In 1964 Oxford, a Hungarian artist collapses when hearing gun shots whilst painting a portrait. His left side remains paralysed although there is nothing physically wrong with him. Unable to paint, Sandor consults a psychotherapist who succeeds in uncovering a 50-year old secret. In 1914 four young idealistic artists in Budapest vow to restore independence to Hungary by assassinating Archduke Franz Ferdinand. Meanwhile, in Belgrade ‘The Black Hand’ plots to overthrow the Habsburg Empire by assassinating the Archduke during his visit in Sarajevo. “The Black Hand” succeeds in killing the heir to the Habsburg throne which leads to the slaughter of millions.
This impressive new play by debut writer Jeremy James tells the story of four Hungarian idealists who believe in their cause and are willing to die for it. Tired of being dominated by Austria, they strive for an independent Hungary that will then dominate the ethical minorities who make up more than half of the population. The Archduke has promised to grant the Slavs independence once he becomes Emperor which jars with both the Hungarians, who now rule over the Slavs, and the Serbian nationalists who are dreaming of a Slavic nation dominated by Serbia. Although our sympathies lie with the Hungarians, it is quite clear that their actions are guided by blind nationalism, just as those of the leaders of “The Black Hand”, Apis and Tankosic, who dream of a greater Serbia. Whereas the Hungarians are well organised and willing to risk their own lives for their cause, Apis has Tankosic hire a bunch of Bosnian Serbs who are passionate about their mission but prove to be completely incompetent. Apis and Tankosic are painted as ruthless and cruel characters, who use Bosnian patriots as tools to reach their objective without risking their own lives in the process. The scenes in which Tankosic informs Apis about another failure provide the necessary comic relief in this intense drama.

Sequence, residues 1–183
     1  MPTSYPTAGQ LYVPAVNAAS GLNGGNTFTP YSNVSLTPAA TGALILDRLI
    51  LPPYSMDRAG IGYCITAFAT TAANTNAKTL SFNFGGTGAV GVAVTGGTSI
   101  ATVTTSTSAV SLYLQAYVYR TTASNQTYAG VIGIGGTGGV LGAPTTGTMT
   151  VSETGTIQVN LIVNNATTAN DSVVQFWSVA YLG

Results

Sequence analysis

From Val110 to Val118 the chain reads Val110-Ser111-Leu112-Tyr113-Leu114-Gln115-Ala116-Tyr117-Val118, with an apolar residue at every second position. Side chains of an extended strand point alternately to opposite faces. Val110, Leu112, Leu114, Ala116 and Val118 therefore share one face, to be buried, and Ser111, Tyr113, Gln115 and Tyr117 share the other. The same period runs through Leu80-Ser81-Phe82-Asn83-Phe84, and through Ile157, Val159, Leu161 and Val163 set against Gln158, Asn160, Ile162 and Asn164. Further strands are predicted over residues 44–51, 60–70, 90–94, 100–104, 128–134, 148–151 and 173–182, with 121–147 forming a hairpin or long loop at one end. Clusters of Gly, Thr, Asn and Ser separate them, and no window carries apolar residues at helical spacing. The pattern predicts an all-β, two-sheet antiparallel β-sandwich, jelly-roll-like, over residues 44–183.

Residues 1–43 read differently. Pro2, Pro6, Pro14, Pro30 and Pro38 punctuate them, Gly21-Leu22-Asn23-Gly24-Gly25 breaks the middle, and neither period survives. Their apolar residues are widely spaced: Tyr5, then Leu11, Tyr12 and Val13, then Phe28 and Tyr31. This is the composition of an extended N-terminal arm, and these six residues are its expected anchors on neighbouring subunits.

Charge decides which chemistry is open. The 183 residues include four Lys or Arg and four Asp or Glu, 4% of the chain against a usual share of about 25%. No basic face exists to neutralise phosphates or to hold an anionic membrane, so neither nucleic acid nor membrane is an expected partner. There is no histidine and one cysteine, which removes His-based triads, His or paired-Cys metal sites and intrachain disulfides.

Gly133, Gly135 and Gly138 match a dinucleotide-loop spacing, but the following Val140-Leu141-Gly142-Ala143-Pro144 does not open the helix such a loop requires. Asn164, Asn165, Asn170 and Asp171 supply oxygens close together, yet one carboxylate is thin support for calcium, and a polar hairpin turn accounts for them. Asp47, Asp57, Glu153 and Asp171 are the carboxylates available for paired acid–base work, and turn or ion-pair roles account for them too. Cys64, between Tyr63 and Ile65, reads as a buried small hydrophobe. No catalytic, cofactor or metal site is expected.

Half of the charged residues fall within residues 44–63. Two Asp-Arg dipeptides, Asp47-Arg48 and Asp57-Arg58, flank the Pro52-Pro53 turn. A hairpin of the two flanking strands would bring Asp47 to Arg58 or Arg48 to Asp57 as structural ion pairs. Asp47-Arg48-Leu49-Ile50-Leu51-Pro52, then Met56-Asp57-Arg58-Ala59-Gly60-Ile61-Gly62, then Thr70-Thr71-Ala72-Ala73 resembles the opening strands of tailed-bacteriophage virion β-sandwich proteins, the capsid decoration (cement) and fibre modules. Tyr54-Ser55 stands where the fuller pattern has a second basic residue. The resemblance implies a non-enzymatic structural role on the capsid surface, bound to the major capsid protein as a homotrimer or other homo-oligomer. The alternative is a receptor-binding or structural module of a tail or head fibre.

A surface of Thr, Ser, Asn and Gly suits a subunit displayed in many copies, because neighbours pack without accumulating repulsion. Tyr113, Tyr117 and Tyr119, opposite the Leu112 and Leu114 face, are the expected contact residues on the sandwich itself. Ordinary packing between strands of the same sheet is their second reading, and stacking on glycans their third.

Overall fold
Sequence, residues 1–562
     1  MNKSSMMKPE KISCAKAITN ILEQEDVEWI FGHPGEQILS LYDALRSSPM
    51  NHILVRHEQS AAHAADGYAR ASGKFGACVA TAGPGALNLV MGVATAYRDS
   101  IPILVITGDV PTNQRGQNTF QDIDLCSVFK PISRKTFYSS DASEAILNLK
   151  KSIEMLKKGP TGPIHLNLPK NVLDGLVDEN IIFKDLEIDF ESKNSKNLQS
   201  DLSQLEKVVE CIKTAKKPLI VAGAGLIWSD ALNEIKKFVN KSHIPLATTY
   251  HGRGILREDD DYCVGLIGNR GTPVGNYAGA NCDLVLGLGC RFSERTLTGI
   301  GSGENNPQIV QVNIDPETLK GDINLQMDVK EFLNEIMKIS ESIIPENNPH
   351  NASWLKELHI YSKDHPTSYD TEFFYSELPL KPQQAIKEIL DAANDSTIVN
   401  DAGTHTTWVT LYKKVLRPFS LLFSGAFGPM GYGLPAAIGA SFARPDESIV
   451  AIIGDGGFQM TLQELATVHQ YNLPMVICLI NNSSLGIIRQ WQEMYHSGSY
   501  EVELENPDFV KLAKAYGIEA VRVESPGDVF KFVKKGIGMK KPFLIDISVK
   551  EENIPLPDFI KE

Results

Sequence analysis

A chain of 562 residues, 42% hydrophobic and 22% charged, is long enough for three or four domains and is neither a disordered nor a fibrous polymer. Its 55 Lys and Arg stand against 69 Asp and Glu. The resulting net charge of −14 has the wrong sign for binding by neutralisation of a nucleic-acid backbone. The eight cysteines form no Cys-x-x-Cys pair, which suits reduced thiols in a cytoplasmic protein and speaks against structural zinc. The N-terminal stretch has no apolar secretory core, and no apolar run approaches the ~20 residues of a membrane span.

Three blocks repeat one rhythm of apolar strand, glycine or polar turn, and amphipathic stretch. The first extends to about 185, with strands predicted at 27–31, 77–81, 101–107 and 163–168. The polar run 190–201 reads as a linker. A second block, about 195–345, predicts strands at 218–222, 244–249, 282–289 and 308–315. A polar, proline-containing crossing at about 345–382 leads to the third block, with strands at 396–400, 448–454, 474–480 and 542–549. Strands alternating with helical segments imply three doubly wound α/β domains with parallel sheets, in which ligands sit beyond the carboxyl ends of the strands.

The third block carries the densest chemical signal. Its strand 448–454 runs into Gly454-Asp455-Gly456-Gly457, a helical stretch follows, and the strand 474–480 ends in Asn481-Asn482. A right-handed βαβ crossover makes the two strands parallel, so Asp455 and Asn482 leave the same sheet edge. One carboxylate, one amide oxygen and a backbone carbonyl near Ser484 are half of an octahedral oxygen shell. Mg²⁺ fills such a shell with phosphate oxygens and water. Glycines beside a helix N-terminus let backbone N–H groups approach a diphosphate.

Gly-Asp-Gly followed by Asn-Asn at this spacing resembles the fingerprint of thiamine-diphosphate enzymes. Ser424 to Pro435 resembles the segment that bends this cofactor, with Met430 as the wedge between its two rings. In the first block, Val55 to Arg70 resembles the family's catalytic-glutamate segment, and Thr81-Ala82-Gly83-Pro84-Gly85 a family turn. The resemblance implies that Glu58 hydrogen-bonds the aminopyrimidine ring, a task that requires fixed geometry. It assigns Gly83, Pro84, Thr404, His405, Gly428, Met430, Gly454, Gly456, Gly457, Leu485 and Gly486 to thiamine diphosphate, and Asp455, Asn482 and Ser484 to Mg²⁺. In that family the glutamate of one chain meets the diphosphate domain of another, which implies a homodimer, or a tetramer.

Andrew Shepherd’s production jumps back and forth between the different time periods, whilst the aging Sandor begins to remember the events of 1914 which led to a horrible tragedy. Tony Wredden convinces as the guilt-stricken older Sandor who lives through his art but is still dreaming of a free Hungary. Jesse DeCoste is Sandor’s younger self, fresh faced and full of passion to make Hungary great again, together with his comrades in arms: the womanising libertine Tibor (Robert Wilde) who tries to emulate Klimt’s lifestyle, the level headed Ede (Alexander Stutt), and the gifted Medve (Emma Mulkern), a young woman who disguises herself as a man to be able to work as an artist. Alexander Nash is chilling and funny in equal measure as Colonel Apis fuming over the incompetence of his hired hands. Mark Joseph is very good as his assistant Major Tankosic, showing an aptitude for callousness and cruelty equal to his master. Angela Dixon is professional and caring as Margit, the psychoanalyst.
The stage is divided into a section of a living room where Sandor receives his treatment, an artist’s studio represented by a collage of photographs and paintings in the centre, and a small space, dark and sinister, as the headquarters of “The Black Hand” (stage design by Zahra Mansouri). Music by Dimitri Scarlato adds to the atmospheric play.
An intriguing story, beautifully told and another triumph for ACS Random.
Reviewed by: Carolin Kopplin
Photo: David Monteith-Hodge
The Cause is playing at the Jermyn Street Theatre until 26 March